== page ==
A djinn and tonic please (sorry...)
You know a battle system's good when playing through it for the second time is as much fun as the first. And while The Lost Age may not build on its predecessor's engine, it does offer enough new content to keep you interested.
Unfortunately, because Felix and party start off at level 1 and with no djinni, the classes gained for much of the game are identical to those in Golden Sun. It is possible to find items that bestow new classes, such as Trainer or Pierrot, but for the most part you'll end up being a Defender, or Hermit, or Commander and so forth. Most of the djinni you find are new, and therefore have different battle powers to those of the first game, but the classes they bestow are dependant on element type and not name.
A nice new feature is the ability to summon a combination of standby djinni of different elements. Whereas Isaac's party could only combine djinni of the same kind, Felix's can discover stone tablets that give them even more powerful summons. These are spectacular to watch - not to mind useful - and it's unlikely anything of the sort could have been achieved on the SNES. Found in caves or by collecting a series of items in side quests, these tablets are certainly worth hunting down.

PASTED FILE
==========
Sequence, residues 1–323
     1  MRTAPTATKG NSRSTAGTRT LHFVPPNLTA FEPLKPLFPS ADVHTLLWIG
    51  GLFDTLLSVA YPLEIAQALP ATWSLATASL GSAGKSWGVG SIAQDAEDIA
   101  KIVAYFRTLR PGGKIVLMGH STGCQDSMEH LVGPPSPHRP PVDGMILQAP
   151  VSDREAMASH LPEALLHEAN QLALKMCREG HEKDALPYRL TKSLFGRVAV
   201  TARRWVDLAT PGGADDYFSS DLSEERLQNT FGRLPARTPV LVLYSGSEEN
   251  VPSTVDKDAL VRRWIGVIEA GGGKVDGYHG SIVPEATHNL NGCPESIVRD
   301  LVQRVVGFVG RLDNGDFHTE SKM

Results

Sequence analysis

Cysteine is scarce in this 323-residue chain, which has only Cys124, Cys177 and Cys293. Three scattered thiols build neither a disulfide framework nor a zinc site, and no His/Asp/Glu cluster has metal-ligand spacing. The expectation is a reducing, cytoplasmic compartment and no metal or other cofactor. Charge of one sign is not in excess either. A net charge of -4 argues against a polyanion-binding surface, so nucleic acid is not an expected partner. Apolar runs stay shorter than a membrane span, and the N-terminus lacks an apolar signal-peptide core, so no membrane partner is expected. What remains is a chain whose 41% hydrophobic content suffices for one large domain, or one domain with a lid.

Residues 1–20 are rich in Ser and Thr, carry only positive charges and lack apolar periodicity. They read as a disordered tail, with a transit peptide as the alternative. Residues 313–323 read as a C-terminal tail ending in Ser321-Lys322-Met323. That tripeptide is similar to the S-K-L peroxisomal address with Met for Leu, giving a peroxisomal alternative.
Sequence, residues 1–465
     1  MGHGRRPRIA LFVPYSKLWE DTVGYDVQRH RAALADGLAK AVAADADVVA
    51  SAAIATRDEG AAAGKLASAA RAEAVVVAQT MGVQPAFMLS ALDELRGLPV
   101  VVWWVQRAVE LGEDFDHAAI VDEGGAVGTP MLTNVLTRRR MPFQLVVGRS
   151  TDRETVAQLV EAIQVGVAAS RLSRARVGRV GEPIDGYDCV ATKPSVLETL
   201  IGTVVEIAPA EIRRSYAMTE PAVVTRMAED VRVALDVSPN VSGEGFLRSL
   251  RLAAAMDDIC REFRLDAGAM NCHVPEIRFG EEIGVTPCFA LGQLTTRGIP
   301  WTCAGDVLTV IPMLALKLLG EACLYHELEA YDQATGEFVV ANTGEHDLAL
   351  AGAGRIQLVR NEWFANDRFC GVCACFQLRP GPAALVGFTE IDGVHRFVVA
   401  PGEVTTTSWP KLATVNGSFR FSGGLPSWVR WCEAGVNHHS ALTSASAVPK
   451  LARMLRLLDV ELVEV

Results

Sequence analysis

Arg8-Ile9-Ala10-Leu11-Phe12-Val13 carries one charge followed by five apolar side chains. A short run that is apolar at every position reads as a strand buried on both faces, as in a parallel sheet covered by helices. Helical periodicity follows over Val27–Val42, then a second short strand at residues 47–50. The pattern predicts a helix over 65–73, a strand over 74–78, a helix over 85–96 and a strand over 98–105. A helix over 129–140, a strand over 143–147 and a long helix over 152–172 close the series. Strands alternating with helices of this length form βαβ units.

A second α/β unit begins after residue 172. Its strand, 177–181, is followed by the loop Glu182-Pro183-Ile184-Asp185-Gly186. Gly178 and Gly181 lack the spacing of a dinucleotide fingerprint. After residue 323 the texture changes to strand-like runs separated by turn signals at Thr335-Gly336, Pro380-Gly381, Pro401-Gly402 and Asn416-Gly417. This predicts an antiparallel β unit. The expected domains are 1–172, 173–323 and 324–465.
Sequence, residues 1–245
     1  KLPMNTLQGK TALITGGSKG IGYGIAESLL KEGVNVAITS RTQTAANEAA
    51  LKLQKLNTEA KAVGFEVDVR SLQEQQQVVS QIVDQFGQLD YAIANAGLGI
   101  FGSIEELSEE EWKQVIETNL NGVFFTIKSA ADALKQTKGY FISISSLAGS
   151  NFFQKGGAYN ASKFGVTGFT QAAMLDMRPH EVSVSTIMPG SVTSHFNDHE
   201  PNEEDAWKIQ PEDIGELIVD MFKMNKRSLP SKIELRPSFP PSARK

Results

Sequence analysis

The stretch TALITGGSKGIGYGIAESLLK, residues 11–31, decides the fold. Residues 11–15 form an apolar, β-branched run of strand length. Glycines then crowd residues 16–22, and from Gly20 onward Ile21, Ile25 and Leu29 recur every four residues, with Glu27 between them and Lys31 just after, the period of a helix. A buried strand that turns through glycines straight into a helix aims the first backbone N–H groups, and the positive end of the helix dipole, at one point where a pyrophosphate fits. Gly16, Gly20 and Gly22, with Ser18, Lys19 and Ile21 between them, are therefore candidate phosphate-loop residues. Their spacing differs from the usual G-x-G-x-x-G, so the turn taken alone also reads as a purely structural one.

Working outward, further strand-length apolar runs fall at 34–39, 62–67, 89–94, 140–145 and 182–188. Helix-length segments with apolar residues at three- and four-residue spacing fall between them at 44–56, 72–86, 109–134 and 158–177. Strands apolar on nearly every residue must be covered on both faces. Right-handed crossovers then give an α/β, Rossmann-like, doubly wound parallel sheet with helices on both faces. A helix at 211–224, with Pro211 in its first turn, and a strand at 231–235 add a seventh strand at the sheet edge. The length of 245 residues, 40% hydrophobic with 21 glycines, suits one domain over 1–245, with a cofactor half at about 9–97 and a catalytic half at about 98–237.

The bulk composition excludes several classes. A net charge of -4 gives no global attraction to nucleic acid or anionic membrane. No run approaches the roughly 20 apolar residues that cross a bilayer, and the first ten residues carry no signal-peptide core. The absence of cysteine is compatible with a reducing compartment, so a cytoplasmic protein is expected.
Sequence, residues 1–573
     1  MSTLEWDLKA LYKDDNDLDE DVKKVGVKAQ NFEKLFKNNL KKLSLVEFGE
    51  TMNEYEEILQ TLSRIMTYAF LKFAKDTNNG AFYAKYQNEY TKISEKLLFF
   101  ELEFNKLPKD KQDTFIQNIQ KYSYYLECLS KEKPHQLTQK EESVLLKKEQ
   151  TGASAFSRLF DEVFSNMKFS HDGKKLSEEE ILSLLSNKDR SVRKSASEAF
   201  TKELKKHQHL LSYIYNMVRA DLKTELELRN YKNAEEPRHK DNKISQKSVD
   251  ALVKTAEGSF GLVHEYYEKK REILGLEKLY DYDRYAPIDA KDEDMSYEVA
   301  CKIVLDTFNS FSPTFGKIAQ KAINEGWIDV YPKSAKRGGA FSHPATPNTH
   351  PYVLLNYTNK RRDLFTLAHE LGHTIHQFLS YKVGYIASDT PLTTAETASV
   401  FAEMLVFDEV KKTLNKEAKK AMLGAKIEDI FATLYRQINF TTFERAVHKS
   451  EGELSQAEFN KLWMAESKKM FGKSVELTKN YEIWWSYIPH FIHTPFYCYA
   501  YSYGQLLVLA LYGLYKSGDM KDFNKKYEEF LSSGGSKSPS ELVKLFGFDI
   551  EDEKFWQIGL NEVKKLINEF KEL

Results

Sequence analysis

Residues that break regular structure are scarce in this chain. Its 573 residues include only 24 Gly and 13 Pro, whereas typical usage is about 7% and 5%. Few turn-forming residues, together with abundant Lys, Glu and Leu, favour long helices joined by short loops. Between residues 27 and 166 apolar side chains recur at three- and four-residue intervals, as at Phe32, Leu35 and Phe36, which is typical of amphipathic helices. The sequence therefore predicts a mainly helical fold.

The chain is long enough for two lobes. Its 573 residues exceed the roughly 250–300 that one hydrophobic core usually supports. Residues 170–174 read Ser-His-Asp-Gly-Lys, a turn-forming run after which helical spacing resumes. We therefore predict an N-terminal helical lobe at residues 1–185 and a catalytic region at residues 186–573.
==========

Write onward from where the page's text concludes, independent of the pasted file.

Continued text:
This kleptomaniac gameplay is probably Golden Sun's greatest homage to older RPGs, especially with regards to finding weapons and armour. It was a rare occasion that we actually needed to buy weapons in the towns, as almost every dungeon provides a new super-weapon for at least one member of the party. The Lost Age has really upped the ante on 'enchanted effects' too, with most attacks inflicting an ailment or extra magic damage on top of the physical damage.
Now, we love this sort of thing, but it does make the game a little easy. In fact, the only spell that ever needed casting during standard battles was the healing type. The weapons did all the rest. The lack of an intelligent targeting system makes up for this a little - characters don't automatically move on to the next enemy if their original target is killed - but our little chaps were never in danger of getting killed outside of a boss battle.